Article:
Use your dumbbells for a shoulder press to work out the shoulder, tricep and chest muscles. Take a weight in each hand and stand with your feet flat on the floor. Bend your arm at the elbow until the weights are parallel to your ears. Extend your arms up as far as you can and then bring them back down to the start position.

To work the triceps, grab your kettlebell with both hands and take a small step forward with your right leg so your feet are slightly staggered. Raise the kettlebell directly over your head with both arms extended. Keeping your elbows close to your ears, lower the kettlebell behind your head until your hands are in line with your elbows. Raise the kettlebell back overhead, extending your arms.

You don’t need barbells to do an effective deadlift when you have resistance bands. Stand with your feet hip-distance apart and step on the loop band until it is under your arches. Grab the top of the band with both hands, bend at your hips and then stand up straight, pulling against the band’s resistance.

The core

Incorporating your medicine ball into a leg squat is going to work your core muscle group. That’s because the way the medicine ball’s weight is balanced forces you to use those core muscles to keep your balance. As you do your squats, simply hold the medicine ball with both hands straight out in front of your body and keep it there as you lower and rise from the squats.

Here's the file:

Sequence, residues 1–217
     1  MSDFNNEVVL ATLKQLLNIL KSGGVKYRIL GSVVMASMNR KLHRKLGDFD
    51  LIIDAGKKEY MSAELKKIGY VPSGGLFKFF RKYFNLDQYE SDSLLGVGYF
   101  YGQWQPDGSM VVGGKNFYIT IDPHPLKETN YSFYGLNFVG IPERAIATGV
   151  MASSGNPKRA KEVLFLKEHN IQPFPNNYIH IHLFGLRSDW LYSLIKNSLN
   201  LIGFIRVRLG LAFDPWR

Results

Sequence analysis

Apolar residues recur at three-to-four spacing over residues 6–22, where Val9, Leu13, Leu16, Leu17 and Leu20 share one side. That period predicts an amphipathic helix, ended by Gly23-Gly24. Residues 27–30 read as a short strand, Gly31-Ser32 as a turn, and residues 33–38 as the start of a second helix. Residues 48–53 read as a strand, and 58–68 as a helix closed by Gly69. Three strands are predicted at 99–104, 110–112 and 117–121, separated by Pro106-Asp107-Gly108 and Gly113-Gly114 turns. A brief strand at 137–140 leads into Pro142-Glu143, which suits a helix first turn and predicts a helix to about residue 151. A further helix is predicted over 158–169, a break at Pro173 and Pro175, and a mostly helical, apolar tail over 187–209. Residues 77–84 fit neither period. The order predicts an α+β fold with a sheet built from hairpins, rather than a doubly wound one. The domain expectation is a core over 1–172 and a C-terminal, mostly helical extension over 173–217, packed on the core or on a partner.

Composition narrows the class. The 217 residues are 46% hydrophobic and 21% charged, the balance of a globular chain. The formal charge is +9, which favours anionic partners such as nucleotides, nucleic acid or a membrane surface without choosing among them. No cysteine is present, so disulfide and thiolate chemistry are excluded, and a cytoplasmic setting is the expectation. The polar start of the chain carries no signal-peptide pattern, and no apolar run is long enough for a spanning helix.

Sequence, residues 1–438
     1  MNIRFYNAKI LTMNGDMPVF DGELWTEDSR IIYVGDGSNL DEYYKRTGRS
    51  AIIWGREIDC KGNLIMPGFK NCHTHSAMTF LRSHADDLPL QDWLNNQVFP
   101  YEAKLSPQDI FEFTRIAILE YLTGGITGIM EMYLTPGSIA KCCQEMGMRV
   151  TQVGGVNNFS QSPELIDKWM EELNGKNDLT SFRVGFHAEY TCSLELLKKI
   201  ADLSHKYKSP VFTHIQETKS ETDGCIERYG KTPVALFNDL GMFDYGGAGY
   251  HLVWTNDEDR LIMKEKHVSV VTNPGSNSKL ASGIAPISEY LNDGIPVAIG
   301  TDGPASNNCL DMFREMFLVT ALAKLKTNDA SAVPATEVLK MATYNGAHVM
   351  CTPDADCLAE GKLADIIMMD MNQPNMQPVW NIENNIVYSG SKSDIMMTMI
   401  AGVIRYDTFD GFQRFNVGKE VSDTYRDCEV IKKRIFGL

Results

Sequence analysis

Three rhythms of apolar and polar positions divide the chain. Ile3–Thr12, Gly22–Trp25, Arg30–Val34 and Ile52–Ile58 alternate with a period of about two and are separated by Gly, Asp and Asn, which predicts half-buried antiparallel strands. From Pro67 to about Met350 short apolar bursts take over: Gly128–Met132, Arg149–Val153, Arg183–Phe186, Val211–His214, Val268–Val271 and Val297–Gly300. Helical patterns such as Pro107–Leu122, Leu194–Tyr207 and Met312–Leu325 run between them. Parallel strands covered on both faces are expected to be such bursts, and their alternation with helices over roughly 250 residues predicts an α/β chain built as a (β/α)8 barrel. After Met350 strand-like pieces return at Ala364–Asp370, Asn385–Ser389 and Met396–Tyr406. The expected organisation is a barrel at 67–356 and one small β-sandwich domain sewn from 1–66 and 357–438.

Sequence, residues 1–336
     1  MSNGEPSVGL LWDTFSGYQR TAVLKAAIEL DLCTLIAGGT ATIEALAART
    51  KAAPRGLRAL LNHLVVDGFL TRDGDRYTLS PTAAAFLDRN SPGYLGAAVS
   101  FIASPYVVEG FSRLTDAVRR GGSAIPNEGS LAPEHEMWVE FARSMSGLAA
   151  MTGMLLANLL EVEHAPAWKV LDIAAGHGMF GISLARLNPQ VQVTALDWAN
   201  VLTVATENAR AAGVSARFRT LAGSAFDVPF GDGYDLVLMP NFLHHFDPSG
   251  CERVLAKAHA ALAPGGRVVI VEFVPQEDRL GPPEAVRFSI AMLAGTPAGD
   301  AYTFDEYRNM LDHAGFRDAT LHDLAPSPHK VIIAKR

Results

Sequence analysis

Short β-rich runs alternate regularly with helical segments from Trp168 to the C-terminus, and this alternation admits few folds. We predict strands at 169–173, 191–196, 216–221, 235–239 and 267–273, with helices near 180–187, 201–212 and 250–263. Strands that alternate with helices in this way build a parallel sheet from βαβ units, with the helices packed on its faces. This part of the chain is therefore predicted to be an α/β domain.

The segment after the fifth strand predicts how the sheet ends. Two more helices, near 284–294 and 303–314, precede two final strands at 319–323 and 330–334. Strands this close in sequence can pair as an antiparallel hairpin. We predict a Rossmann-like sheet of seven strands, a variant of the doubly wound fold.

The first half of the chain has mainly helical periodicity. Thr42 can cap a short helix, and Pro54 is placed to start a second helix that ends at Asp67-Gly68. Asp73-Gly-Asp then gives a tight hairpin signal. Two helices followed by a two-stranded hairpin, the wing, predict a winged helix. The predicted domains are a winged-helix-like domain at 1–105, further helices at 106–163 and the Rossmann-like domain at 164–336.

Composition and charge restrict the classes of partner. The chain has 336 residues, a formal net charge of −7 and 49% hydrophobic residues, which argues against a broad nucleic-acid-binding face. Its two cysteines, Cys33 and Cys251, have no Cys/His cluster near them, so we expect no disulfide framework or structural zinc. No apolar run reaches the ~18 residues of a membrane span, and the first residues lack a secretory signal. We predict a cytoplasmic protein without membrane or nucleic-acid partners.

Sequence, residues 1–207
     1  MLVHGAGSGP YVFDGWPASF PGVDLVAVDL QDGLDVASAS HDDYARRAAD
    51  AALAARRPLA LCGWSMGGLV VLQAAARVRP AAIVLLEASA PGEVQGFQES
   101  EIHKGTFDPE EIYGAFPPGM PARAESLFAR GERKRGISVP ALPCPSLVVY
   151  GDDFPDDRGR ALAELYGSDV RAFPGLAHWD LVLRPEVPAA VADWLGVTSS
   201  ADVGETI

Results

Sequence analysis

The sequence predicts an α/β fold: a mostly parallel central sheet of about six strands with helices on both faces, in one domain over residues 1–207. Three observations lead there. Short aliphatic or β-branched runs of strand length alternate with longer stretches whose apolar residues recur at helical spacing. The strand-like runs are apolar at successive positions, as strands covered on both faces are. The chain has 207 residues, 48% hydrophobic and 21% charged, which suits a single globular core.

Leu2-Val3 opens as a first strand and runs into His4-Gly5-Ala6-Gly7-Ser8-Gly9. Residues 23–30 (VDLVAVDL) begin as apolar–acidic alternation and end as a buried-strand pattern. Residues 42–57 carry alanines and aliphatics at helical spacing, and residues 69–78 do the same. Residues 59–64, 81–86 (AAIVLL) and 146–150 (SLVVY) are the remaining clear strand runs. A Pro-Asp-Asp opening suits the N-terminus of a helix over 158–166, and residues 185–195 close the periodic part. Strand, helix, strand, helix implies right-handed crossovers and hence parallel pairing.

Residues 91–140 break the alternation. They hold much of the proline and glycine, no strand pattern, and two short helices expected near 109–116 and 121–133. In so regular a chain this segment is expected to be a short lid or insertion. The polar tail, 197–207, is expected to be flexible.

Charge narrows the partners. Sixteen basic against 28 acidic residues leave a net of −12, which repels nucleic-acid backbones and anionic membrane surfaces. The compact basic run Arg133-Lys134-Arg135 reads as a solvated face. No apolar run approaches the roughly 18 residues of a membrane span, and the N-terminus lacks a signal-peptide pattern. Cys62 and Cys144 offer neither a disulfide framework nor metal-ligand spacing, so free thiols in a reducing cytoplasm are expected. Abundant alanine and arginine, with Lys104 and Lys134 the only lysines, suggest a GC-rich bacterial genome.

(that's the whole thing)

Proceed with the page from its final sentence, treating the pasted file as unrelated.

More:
For another core workout, try the kettlebell swing. Stand up straight with your feet slightly wider than shoulder width apart. Hold the kettlebell with both hands with your arms in front of your body and palms facing toward you. Bend your knees slightly and push your hips back and then “explode” forward at the hips as you swing the kettlebell outward with straight arms until it is level with your shoulders. Then bring it back down in a controlled arc.

The legs

Add your resistance bands to simple squats. Place both legs inside a loop resistance band and pull it up like a pair of pants until it is just below your knees. Stand with your legs wide enough apart that the band stays in place and does not slip down your legs to the floor. With your hands clasped in front of your chest, take a big step to the right and go into the squat position until your thighs are parallel to the floor. Bring your right leg back and then do the same thing with your left leg. For another squat routine, move the band up so it’s around your thighs. Lower yourself into a half squat and take a step sideways with your right foot followed by your left foot. Then do the same thing going to the left.

Having a gym in your home means you can exercise when you want with the equipment that best meets your fitness goals. Your home gym means you skip the drive and lines for any equipment — both of which can turn a half-hour workout into a two-hour ordeal. When you are ready to work out — day or night — your own home gym and gear is there waiting for you. No membership fee required.

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Julia Bayly

Julia Bayly is a reporter at the Bangor Daily News with a regular bi-weekly column. Julia has been a freelance travel writer/photographer since 2000.